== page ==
Jenna:  That depends on where your trash can is, actually.  If it’s inside your house, again, things that are inside your house usually get the highest protection from the courts so, yeah, you’d have REP in your trash, inside your trash can while it is still in your house.  Now it gets a little different as the trash moves further from your house.  If it’s still close to the house -- let’s say it’s just inside your garage or maybe just outside your front door -- that’s on that area that we call curtilage, and we will talk about that a little later, you probably still have REP in that trash in your trash can.  It’s really when you put it out wherever collection takes place -- when you put it out on the street corner or the street in front of your house, what you have essentially done is told the whole world “I don’t want any of this any more.”  You’ve abandoned that property and said “I want the trash man to take it away.”  So, at that point you would not have any REP in that trash, even if you thought you did.  Even if you actually thought that was private until the trash man took it, at that point society says, “no, you’ve thrown that away so you don’t have REP in that anymore.”

Tim:  So, first, it has to be an actual expectation of privacy, and secondly, society has to recognize it as being reasonable.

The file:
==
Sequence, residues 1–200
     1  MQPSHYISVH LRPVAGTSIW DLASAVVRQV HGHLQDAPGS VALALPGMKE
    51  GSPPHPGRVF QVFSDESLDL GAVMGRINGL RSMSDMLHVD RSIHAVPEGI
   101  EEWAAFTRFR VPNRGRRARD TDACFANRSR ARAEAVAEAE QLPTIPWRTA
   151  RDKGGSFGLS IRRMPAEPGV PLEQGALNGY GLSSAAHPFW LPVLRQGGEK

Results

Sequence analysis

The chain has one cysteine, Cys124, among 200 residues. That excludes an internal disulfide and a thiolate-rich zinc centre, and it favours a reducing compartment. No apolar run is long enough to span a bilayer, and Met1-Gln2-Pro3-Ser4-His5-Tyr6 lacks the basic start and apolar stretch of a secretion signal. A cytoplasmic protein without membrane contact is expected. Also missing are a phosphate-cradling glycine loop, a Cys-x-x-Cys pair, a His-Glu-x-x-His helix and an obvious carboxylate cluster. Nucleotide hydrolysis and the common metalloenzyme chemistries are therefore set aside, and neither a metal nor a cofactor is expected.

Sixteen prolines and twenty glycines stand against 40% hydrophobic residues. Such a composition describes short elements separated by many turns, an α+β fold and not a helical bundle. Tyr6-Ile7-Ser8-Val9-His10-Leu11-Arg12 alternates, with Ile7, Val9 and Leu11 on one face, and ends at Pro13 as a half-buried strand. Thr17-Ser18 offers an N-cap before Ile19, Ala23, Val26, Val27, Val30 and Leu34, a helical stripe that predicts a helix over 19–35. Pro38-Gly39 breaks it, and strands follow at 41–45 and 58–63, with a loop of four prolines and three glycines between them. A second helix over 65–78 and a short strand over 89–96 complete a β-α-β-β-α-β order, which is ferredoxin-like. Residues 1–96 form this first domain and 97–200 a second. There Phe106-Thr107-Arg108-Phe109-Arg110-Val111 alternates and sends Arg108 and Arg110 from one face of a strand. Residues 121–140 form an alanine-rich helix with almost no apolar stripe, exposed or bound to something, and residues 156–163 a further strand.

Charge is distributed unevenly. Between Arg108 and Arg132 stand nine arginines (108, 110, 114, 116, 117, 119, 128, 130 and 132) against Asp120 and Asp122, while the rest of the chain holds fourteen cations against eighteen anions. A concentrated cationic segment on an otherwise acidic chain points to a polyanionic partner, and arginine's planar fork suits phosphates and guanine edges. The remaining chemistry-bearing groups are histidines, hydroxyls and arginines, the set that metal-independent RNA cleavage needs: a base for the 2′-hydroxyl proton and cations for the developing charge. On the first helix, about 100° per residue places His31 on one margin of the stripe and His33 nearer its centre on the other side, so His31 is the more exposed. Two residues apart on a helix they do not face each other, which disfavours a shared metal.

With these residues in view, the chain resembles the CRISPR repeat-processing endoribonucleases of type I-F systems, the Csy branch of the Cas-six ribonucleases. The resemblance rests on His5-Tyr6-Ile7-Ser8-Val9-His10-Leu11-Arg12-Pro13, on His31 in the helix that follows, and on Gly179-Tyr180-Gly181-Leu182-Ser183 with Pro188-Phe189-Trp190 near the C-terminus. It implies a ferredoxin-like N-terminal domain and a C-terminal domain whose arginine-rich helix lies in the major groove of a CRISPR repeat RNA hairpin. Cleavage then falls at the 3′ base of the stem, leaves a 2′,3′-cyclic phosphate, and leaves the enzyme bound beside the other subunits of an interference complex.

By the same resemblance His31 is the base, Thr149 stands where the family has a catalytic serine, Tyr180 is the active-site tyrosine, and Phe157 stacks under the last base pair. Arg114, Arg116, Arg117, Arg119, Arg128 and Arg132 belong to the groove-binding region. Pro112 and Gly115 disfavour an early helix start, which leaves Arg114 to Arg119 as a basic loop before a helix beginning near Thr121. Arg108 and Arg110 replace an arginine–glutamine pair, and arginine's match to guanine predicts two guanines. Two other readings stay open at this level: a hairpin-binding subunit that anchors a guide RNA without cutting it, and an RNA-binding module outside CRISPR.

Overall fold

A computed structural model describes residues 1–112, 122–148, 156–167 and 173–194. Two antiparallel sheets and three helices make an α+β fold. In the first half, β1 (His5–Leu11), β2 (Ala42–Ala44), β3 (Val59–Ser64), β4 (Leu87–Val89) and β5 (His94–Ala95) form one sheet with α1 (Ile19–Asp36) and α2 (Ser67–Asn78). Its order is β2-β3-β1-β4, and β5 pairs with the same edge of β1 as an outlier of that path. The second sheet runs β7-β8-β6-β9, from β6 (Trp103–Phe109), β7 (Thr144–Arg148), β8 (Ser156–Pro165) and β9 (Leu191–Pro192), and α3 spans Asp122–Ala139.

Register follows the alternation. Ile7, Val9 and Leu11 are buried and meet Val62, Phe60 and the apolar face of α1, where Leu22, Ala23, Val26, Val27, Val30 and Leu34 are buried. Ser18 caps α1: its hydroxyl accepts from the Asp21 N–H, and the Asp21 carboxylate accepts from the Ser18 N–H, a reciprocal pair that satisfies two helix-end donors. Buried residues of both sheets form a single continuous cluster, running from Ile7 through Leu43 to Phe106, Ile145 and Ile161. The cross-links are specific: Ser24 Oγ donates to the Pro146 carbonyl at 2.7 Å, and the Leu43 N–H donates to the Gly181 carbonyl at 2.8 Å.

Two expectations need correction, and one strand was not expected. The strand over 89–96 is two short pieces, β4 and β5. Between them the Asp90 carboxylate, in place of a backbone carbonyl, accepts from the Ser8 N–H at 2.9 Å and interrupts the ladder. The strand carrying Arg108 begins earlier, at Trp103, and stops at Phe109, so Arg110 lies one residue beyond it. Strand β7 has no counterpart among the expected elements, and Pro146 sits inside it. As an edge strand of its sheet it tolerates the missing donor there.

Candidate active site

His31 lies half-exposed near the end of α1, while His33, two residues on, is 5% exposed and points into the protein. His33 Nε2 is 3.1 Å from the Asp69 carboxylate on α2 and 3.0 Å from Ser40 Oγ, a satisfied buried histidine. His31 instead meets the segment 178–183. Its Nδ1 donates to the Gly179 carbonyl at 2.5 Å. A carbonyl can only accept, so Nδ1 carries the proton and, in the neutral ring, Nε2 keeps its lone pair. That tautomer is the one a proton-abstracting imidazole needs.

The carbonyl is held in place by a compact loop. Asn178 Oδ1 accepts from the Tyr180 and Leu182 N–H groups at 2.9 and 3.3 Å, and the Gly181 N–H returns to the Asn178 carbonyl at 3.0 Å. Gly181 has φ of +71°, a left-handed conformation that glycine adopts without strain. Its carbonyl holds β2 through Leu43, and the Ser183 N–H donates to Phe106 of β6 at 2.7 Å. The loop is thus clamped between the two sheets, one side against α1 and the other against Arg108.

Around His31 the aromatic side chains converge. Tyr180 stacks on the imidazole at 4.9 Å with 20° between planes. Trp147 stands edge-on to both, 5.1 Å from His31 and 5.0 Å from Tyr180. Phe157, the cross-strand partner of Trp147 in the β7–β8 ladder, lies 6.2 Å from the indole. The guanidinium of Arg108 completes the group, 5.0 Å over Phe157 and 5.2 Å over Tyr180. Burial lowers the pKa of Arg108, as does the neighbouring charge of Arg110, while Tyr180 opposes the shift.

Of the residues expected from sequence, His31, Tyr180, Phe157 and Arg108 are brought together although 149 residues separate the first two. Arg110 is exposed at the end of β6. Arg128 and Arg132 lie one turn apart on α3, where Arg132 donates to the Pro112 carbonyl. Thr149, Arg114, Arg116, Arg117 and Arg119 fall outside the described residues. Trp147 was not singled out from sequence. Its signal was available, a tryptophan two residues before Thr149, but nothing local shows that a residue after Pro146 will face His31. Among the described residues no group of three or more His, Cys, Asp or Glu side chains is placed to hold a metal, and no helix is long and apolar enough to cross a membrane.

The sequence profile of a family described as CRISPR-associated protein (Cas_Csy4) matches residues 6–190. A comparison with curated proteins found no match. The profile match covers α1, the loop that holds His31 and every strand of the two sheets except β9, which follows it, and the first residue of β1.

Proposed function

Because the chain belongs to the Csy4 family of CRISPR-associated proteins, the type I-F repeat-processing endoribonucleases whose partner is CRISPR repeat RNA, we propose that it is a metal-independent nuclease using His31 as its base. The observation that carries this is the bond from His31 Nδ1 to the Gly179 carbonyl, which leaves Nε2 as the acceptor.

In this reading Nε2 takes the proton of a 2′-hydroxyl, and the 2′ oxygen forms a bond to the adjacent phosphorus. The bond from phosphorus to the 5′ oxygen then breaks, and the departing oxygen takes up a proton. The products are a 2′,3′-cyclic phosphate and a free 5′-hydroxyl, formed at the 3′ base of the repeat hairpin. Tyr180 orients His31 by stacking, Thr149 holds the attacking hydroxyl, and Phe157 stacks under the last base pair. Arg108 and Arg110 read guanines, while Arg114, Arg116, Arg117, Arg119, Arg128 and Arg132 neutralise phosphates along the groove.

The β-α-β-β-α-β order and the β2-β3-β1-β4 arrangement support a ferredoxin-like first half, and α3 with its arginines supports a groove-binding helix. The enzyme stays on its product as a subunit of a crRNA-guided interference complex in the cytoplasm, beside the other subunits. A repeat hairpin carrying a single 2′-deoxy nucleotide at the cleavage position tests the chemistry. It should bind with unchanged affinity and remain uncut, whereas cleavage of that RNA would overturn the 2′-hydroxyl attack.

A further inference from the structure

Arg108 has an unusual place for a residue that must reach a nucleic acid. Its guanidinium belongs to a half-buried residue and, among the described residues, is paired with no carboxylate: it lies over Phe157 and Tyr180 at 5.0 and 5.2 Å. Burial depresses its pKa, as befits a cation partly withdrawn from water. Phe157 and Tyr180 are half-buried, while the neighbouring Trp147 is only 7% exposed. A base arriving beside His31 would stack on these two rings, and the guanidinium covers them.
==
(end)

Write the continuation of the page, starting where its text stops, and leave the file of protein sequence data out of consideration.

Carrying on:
Jenna:  Yes, sir, that’s right.

Tim:  OK, who can reasonably expect this privacy?  For example, you know, I’ve got a house, it’s my house.  I live there; I assume I can expect privacy inside my house.

Jenna:  Absolutely.

Tim:  Anybody else?

Jenna:  Sure, if you had overnight guests in your house, let’s say friends of yours or family members came to visit and you let them stay overnight.  Then you’ve essentially given them the run of at least part of your house. They have brought their private belongings in there and sort of established themselves in a room; they’d have REP inside your house.  Social guests who stay for an extended period of time or who come by your house pretty frequently -- maybe they keep things in your house or inside your garage -- they may have REP in your house to some extent.  I can tell you that people who wouldn’t have REP in there would be your commercial visitors, somebody who comes by just to sell you something or someone you invite just inside your front door maybe for five minutes at a time wouldn’t have any REP in your house.

Tim:  So my mom and dad coming to visit for the weekend, they probably have an REP inside my house?

Jenna:  Yes.

Tim:  However, the paperboy coming to collect the bill would not.